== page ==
This is by far my most ambitious furniture project yet, and one I’m most excited about because I get to try some woodworking techniques totally new to me.
I have long wanted to store my photography equipment in my home office, so I have been on the lookout for cabinets with drawers that can hold my camera storage cases. This has turned out to be a painful endeavor because most console tables don’t have deep drawers, and even if they do, have the unacceptable problem of using 3/4-extension drawer slides that don’t open up all the way. (Add this to the interminable list of first-world problems.) Worse yet, the slides are almost always side mount and tauntingly visible. (Add this too!)
Having decided that I had no choice but to build my own console table, I visited our local lumber store to decide on the type of wood to use. I briefly considered sapele, mahogany, or something more exotic like iroku or afromosia. But since this would be the largest piece of furniture I’ve built, I needed a reliable, familiar wood, so I went back to my good ol’ favorite American dark walnut.
Deciding on the dimensions was fairly easy because I wanted the longest but shallowest table that would fit in the office. In the end, this turned out to be about 60″ wide × 18″ deep × 30″ tall.
The main frame and the middle shelf will use 6/4 dark walnut. The sides will feature a 45° chamfer on one inner edge. They will be attached to the top with half-blind dovetails. The middle shelf will attach to the sides using 1/4″ dados.
The cabinet portion will hold 6 drawers of varying sizes. The drawers will close against a 3/4″ walnut frame, but the gaps between drawers will be only 1/4″ to give everything a mostly frameless look. The drawer fronts will use 4/4 dark walnut, with 1/4″-thick lip handles inspired by Room & Board’s Anton series.
The table is 18″ deep, so the top, shelf, and sides (all the 6/4 pieces) had to be made by edge-joining two pieces together. For the most part, this went smoothly, except I was getting worse-than-usual tear-out, so I had to first score every cut by about 1/8″. And it turns out 6/4 walnut is almost impossible to completely flatten, so some edge joints still ended up with maybe a 1/32″ difference in flatness that had to be sanded out later.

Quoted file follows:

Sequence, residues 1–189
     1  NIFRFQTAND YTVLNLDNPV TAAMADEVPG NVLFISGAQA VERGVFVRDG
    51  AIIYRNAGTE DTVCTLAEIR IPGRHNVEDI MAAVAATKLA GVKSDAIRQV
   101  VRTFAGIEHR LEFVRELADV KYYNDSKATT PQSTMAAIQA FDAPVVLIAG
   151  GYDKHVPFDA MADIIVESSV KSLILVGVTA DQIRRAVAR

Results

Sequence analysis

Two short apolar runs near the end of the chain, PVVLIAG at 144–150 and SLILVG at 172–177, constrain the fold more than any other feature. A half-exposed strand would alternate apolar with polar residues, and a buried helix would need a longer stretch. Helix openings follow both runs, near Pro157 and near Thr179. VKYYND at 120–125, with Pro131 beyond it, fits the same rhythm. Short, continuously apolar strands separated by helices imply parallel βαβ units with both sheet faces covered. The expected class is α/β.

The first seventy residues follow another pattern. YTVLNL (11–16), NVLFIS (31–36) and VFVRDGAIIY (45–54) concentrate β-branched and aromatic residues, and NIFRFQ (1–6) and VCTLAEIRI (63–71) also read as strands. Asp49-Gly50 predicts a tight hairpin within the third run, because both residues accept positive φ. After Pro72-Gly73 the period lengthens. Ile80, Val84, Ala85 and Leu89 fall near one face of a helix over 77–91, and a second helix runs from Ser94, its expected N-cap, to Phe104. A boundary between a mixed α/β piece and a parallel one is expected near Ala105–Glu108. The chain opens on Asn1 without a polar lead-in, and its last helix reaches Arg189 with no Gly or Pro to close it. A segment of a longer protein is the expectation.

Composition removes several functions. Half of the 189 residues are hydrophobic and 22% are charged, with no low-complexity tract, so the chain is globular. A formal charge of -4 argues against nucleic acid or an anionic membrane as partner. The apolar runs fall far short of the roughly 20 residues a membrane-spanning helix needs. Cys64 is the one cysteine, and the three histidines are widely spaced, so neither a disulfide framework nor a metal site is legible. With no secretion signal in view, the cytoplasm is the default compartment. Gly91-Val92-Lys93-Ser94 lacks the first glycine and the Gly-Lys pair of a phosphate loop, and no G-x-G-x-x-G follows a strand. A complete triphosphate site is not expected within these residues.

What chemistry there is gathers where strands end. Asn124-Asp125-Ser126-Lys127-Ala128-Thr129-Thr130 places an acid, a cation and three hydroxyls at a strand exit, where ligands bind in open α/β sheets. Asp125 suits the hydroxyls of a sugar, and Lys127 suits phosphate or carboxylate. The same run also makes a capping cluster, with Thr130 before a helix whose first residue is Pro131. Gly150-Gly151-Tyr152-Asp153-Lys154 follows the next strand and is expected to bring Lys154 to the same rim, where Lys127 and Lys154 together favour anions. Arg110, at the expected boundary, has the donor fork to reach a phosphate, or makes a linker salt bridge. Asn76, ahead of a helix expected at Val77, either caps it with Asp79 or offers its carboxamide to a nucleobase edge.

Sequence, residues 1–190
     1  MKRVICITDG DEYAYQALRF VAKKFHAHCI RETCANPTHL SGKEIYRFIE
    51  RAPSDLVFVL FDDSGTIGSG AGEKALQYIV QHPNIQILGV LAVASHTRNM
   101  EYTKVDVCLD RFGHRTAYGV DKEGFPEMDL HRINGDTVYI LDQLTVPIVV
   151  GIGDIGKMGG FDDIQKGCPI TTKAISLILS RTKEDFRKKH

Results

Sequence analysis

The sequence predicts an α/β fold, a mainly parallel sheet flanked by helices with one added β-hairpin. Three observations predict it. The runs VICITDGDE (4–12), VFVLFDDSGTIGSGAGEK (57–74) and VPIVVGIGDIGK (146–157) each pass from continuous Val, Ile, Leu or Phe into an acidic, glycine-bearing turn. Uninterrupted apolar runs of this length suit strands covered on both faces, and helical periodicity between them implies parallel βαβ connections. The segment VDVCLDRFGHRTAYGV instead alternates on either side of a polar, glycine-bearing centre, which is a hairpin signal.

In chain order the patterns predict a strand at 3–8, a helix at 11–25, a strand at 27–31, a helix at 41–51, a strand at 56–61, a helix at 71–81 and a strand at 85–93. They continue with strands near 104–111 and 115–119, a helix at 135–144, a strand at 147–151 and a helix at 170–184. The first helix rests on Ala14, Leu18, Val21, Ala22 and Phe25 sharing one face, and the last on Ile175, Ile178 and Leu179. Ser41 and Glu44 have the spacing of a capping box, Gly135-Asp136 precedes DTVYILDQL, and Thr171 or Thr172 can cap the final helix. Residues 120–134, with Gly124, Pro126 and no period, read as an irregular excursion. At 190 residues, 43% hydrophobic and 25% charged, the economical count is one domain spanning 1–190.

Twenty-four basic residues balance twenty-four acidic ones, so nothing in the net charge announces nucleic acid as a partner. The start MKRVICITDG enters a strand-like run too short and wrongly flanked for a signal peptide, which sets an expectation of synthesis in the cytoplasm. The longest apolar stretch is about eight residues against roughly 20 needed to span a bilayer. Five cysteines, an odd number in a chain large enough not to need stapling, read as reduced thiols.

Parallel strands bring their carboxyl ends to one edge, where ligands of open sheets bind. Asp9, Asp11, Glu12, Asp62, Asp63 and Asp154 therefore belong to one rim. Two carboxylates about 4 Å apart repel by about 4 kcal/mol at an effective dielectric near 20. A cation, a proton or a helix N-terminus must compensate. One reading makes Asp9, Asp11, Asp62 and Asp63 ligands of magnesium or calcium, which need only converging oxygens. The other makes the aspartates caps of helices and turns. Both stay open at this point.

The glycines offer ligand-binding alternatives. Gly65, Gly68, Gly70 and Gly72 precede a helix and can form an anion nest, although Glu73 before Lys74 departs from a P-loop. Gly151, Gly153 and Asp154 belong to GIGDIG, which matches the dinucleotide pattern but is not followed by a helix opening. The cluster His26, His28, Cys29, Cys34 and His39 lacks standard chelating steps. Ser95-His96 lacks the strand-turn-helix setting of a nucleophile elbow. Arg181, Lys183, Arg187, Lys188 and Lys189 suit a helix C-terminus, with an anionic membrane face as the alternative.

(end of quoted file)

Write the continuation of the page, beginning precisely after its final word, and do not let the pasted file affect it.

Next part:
The inner edges of the cabinet sides feature a 45° chamfer edge that’s about 3/4″ long diagonally. Routing this was just plain delightful.
Because the main shelf will need to hold up a (very) heavy power amplifier, I decided to use 1/4″-deep dados routed on the sides to provide a strong joint. Because of the chamfer edge, the shelf will terminate halfway into the chamfer, which gives the arrangement a sophisticated look.
The back and bottom of the cabinet use 1/4″ plywood, held in place by tracks in the frame.
Dovetailing the Frame
The finished table will be exceedingly heavy. The top will be the only piece that allows lifting the table for moving, so the joints to the sides must also be exceedingly strong. While a box joint might be strong enough, I wanted to keep the joints hidden from the top surface, so I decided to use half-blind dovetails.
This is by far the most challenging part of the whole project, because I’ve never done dovetails before, and the pieces here are much wider and thicker than what my dovetailing jig can accommodate. But since most of the jig is used for alignment, all I needed was the template if I could carefully align these huge and heavy pieces myself.
Routing the dovetails was also challenging because doing traditional push-cuts would cause severe tear-out. One could first climb-cut the edge, but it felt too unsafe, so I scored the edge instead. That worked well enough.
There are 18 dovetails per joint, and I was worried about getting all of them to join fully. But with enough use of the mallet, they all went in!
While it is possible to order custom dovetailed drawers, I decided to make my own to avoid the wait and, well, for fun. The lumberyard made this much easier since they sell prefinished 6″-wide 1/2″ maple plywood for the sides, and 1/4″ white birch plywood for the bottoms.
I wanted half-blind dovetail joints for the drawer boxes. Routing them was quite frustrating at first because tear-out was extreme. I had pieces where inch-long patches were ripped right out of the first layer of the plywood. No amount of taping helped, and even climb-cutting didn’t reliably solve the problem. I had to again resort to scoring every edge, which easily doubled the effort for every cut. But it did work, and it didn’t take long to dovetail and assemble all six drawers.
The drawer fronts use 4/4 dark walnut. Since their positioning relative to the boxes may have to be adjusted, I wanted them attached using machine screws, so I put wood insert nuts in all the fronts.
This shall be a respectable console table, so of course the slides will be soft-closing, undermount, nicely hidden from view. No 3/4-extension or side-mount slide was remotely considered.
Finishing walnut is always a most rewarding endeavor. The final finish is standard fare: sanding at 80, 120, 180, then just one coat of Danish oil. For the first time, I also added a coat of wax polish.
Building this took over my entire Christmas holiday and then some, but it was well worth the time and effort, and I couldn’t be happier with how it all turned out. Now my camera case has a proper home—a drawer sitting on invisible, full-extension slides.
The namesake of this piece is Aloe rigens, a pretty medium-sized Aloe from Somalia.